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Robert Canales PhD

Robert  Canales PhD

Assistant Professor

Community, Environment & Policy Department

1295 N. Martin
Campus PO Box: 245210
Drachman Hall A229
Tucson, AZ 85724
(520) 621-0146
rcanales@email.arizona.edu

Biography

Robert Canales, PhD, earned his undergraduate degree in civil engineering from The University of Texas at Austin and graduate degrees in civil engineering, environmental engineering, and statistics from Stanford University.   He then transitioned to the field of environmental health as a fellow at the Harvard School of Public Health’s program in Exposure, Epidemiology & Risk.  Dr. Canales returned to Stanford University as an Acting Assistant Professor focusing on computational exposure simulation and chemical fate and transport models, and teaching courses in data analysis and exposure science.  Just prior to joining the University of Arizona, Dr. Canales was an Assistant Professor of Statistics at the New School, working with faculty and students across Parsons School of Design and Eugene Lang College.  Currently at the University of Arizona he collaborates with teams of researchers interested in machine learning and data mining, and the development of mechanistic models of health, risk, and environmental systems.  Robert mentors students from diverse backgrounds that are motivated to learn about interdisciplinary science, applied statistics, and computational methods in environmental science and health.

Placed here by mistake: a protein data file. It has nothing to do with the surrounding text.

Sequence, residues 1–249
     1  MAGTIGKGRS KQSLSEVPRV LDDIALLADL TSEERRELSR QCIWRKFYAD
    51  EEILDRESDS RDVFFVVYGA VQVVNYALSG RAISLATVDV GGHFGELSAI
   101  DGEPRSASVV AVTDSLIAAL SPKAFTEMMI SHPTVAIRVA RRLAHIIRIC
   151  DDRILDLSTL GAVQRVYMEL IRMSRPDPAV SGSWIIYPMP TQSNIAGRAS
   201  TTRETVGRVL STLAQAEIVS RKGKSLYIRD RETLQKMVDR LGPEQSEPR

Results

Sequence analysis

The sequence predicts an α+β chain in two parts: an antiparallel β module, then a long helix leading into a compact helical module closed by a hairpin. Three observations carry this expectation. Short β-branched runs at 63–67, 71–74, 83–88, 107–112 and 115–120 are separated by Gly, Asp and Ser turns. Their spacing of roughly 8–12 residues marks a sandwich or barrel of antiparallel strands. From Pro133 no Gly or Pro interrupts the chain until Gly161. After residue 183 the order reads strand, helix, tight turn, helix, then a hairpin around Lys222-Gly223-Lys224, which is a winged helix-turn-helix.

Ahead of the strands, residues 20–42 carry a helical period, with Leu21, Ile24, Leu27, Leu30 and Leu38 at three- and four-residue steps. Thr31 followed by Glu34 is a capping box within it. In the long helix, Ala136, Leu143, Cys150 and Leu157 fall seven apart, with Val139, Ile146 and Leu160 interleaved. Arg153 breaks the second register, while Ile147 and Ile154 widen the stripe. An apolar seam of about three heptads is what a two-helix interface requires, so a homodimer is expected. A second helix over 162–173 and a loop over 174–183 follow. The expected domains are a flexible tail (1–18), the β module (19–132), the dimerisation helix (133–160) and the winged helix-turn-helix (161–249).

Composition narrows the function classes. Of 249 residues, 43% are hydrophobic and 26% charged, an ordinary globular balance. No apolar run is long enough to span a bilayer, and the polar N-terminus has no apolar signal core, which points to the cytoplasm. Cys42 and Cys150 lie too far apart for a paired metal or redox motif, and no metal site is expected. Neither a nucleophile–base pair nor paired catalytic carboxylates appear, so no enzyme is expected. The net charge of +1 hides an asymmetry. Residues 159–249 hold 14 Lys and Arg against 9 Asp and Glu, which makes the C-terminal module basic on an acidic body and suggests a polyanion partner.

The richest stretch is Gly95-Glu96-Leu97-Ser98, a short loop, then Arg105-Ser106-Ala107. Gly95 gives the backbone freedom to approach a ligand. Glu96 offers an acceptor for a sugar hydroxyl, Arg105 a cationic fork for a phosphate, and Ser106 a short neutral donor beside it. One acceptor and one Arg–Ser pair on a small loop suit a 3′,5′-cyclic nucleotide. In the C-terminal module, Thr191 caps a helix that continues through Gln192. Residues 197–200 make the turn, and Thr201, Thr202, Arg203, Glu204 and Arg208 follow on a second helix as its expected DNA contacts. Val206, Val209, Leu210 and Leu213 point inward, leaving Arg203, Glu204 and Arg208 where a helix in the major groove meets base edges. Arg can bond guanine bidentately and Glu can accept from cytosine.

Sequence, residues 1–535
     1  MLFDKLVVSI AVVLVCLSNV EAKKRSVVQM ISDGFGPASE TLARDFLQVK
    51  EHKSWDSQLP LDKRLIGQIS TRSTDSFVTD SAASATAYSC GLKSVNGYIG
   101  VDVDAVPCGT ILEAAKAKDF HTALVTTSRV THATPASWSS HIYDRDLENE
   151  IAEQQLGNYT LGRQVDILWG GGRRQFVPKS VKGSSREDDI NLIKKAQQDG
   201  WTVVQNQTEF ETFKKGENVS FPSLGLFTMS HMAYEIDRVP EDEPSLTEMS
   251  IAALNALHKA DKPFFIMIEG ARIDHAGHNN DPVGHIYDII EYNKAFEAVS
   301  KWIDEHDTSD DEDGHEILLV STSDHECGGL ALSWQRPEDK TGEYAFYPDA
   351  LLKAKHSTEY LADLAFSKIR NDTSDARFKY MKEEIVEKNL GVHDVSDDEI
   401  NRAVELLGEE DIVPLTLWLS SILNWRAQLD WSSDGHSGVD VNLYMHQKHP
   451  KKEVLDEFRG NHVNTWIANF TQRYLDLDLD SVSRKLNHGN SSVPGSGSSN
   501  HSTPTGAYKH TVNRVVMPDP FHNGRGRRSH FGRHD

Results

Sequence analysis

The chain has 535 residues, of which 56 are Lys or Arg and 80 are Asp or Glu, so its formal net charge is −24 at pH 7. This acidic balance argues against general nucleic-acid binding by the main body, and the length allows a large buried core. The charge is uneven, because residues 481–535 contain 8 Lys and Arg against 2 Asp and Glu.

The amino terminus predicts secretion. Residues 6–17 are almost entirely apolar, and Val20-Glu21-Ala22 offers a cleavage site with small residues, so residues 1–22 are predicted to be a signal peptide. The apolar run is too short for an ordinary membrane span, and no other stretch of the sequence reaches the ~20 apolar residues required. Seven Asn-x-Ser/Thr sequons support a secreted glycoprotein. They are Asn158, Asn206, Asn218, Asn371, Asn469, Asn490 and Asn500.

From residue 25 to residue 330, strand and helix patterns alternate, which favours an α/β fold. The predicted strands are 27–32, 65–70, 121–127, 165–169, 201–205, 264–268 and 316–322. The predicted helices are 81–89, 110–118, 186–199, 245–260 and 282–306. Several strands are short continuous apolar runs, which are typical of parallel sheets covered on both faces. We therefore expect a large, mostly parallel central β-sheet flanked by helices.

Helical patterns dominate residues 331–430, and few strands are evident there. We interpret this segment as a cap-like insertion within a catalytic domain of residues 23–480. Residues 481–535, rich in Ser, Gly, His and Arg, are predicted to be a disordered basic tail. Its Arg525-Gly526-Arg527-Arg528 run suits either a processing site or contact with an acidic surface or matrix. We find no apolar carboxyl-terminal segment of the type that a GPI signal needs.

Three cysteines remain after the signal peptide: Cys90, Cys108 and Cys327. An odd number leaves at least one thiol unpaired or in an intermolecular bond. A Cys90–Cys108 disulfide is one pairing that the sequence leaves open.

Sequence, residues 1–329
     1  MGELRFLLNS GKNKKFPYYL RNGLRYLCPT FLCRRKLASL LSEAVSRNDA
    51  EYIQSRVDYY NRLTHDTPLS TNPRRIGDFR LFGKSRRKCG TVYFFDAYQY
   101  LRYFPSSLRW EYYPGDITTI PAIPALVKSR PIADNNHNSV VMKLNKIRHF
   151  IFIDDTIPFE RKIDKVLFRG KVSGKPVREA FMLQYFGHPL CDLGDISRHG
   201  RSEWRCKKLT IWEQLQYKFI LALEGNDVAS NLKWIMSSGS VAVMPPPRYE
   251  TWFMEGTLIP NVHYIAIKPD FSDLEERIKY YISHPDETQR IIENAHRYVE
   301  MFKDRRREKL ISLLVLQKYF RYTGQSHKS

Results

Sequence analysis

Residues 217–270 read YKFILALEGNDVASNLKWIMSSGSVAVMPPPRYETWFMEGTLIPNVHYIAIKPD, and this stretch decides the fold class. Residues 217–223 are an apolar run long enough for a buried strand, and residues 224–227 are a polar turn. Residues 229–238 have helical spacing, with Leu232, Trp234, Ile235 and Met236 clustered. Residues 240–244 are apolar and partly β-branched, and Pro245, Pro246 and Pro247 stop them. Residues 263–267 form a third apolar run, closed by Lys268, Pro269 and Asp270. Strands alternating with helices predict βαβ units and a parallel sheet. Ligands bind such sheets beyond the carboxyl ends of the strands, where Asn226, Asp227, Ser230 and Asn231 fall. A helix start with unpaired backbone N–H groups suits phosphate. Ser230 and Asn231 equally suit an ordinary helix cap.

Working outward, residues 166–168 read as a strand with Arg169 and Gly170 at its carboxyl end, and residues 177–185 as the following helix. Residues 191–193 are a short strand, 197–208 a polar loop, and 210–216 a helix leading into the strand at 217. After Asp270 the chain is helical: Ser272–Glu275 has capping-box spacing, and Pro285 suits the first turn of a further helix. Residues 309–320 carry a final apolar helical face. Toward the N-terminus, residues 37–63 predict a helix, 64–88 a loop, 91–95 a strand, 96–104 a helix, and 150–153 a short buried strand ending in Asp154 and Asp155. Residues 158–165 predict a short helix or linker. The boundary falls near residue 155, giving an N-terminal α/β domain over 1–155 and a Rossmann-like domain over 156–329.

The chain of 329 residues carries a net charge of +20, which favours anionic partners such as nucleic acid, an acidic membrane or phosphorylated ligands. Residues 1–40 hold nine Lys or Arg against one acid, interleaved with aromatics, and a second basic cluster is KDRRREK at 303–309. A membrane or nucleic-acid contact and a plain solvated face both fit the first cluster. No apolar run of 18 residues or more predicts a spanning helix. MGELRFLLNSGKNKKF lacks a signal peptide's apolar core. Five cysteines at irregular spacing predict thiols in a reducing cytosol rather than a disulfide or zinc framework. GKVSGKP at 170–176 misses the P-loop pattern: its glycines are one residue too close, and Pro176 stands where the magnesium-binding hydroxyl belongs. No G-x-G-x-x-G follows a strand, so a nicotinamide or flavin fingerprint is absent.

Research Synopsis

Dr. Canales' research interests span the fields of engineering, public health, statistics, and mathematics.  This multidisciplinary work takes many forms but primarily focuses on environmental and environmental health topics while using methodologies based in applied mathematics and systems science.  Primary themes include personal and residential multimedia exposures (including exposures to consumer products and microbial agents) and interventions, green/smart buildings and the built environment, contaminant transport, indoor air quality, infectious disease transmission, and risk analysis.  Methods include data mining/learning, analytics, agent-based modeling, dynamic compartmental modeling, Monte Carlo simulation, parameter estimation, uncertainty quantification, and nonparametric techniques. 

Courses

• Introduction to Health Science Statistics
• Introduction to Biostatistics
• Environmental and Occupational Health
• Applied Analysis of Environmental Data
• Modeling Exposures to Environmental Hazards

The University of Arizona